Luckily Apple and Google have included settings on their phones that allows you to turn off ad personalization. It’s just a matter of drilling down into the settings.

Recommendation: Disable personalized services and ads in the settings on your iOS or Android phone. Additionally, you may want to disable cookies in your internet browser. To learn the steps required to do it, have a look at this page.

Conclusion

Although being tracked is part of modern life, there are plenty of ways to regain your privacy and hide your location. More often than not it comes down to turning off your phone’s features when you don’t need them, such as Bluetooth and its GPS.

For trackers that can’t be avoided so easily, VPN services allow you to choose a VPN server location that differs from your actual location. Any solid VPN provider has apps you can install on your phone, devices, and laptop so your privacy is fully protected.

Better personal privacy requires mindfulness and set up, but decoupling your technology from your location is a liberating pursuit. Enjoy your life and travels knowing third parties can’t pinpoint exactly where you are!

How to Unblock Facebook in China

Yes, Facebook is blocked in China, along with the other major English-language social media sites like Twitter and Instagram.

And yes, it’s a frustrating inconvenience for visitors from overseas. After all, you’re likely accustomed to an open internet. This is especially true for the multitude that use Facebook as a glorified address book and don’t have all their contacts elsewhere. If you rely on it and other online services for business, it’s a real problem.

Before we get into the nitty gritty of maneuvering around the great firewall of China, let’s examine the facts behind this limitation.

No Facebook: The Why, When and Where

Censorship of Facebook started in July 2009 after the Ürümqi riots occurred in China. Xinjiang independence activists used Facebook as a part of their communications network. Thus, officials concluded that the social media site was a threat and have been blocking it ever since.

Before proceeding it should be noted that Facebook can be accessed in Hong Kong and Macau. Additionally, there’s been reports that after 2013 the social media site is available to some in China.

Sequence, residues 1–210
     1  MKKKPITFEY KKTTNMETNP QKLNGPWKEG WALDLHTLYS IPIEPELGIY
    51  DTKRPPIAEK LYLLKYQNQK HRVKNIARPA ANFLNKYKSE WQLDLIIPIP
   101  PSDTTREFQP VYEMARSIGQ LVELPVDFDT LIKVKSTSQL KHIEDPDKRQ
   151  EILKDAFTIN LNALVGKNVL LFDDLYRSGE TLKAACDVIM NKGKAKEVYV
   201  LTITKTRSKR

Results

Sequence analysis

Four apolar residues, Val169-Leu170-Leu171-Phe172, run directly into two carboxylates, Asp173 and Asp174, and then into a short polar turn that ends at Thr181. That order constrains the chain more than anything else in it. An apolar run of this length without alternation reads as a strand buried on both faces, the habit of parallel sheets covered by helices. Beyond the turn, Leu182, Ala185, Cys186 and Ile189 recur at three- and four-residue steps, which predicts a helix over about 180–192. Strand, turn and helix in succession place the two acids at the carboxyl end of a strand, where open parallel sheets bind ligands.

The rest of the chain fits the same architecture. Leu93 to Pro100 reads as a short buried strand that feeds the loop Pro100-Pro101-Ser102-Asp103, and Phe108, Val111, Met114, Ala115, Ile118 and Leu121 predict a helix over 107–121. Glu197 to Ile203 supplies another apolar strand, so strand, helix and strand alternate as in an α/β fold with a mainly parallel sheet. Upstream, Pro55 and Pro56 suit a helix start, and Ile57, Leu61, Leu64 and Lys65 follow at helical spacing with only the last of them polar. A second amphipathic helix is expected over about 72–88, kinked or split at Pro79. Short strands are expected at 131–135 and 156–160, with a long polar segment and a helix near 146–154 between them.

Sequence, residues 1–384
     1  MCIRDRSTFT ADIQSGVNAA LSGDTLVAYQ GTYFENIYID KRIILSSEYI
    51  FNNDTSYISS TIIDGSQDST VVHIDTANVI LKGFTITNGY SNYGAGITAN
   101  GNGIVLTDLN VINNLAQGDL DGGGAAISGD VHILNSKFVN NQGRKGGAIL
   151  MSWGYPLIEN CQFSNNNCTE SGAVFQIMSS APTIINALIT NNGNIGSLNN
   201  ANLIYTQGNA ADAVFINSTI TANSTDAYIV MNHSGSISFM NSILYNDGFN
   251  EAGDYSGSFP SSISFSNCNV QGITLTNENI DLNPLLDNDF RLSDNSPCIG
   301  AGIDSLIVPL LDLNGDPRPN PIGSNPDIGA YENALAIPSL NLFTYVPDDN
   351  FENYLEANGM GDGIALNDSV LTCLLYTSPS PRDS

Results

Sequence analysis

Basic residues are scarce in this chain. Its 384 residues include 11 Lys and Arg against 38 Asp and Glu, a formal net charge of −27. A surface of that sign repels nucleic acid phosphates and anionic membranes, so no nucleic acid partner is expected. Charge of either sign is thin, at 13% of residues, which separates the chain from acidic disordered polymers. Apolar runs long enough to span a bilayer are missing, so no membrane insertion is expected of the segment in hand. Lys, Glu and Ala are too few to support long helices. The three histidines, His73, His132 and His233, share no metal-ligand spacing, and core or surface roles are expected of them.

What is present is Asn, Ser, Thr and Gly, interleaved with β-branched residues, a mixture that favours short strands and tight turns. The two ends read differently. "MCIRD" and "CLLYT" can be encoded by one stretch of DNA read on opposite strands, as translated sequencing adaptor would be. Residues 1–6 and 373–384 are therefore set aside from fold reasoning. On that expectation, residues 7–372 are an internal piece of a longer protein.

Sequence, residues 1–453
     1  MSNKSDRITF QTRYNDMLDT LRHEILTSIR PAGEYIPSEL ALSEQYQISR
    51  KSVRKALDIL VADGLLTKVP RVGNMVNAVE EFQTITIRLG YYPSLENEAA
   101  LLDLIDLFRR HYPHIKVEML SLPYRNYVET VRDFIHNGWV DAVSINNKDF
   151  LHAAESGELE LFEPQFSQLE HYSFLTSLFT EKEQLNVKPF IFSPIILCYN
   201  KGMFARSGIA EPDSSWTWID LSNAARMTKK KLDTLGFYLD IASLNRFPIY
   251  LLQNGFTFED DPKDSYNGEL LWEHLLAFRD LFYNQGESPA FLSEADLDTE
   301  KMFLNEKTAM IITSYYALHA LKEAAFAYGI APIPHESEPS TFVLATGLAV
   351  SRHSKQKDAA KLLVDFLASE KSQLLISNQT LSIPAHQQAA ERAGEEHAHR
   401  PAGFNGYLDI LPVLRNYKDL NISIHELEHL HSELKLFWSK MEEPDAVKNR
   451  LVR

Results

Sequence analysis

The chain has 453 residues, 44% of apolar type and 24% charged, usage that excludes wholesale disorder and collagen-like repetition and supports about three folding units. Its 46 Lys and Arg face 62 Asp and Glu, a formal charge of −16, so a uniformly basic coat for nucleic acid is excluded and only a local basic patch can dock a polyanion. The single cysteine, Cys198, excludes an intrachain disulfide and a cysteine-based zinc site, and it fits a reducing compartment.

1. Accessing the Web in China: How-to

Luckily there’s a number of strategies you can use to get your Facebook fix in China.

But first, you’ll need to consider how to obtain access to the internet in general. Here’s a list of possible solutions:

Wi-Fi: Major urban centers in China have Wi-Fi access everywhere. The Wi-Fi gets incrementally scarcer as you go further inland. As you need to be able to receive a text with a PIN to gain a connection, this option will be out for some.

Rented Phone: If taken care of before departing for China, service providers will ship a ready-to-use phone to you which is a convenient option. Also, you can opt to pick it up upon arrival. Unlike roaming, rates are fixed, reasonable and the service is guaranteed to have extensive coverage.

China SIM Card: If you’ve got the time and would rather approach this as a local would, get a SIM card. You’ll need an unlocked phone and a passport to make it happen. Either locate a kiosk that offers China SIM cards (often found at major airports in Beijing, Shanghai, etc.). Or, visit to a telecom company such as China Unicom or China Mobile store to buy one.

International Roaming: Your local carrier probably offers international roaming that includes a set number of minutes and data. This route can be costly. So, as a rule of thumb it should be the last resort.

2. Get on Facebook in China: How-to

It’s best to plan ahead and get your VPN account set up before traveling to China. If you don’t, it will be either be a real pain or an impossible task.

Decision-makers in Chinese government are well aware that people use VPNs to get around their restrictions. Thus, websites belonging to major VPN services are typically blocked in China.

Now, you may be wondering: what’s a VPN?

A virtual private network provides a buffer in-between your internet connection and the web.

So, your real IP address is replaced with another IP associated with a different location of your choosing. This means the ISP and websites you visit can’t tell you’re in China. All you need to do is select a city in the US with VPN software.

1. Sign up with a VPN service provider.
2. Download VPN software supplied by the service on each device you plan to use in China.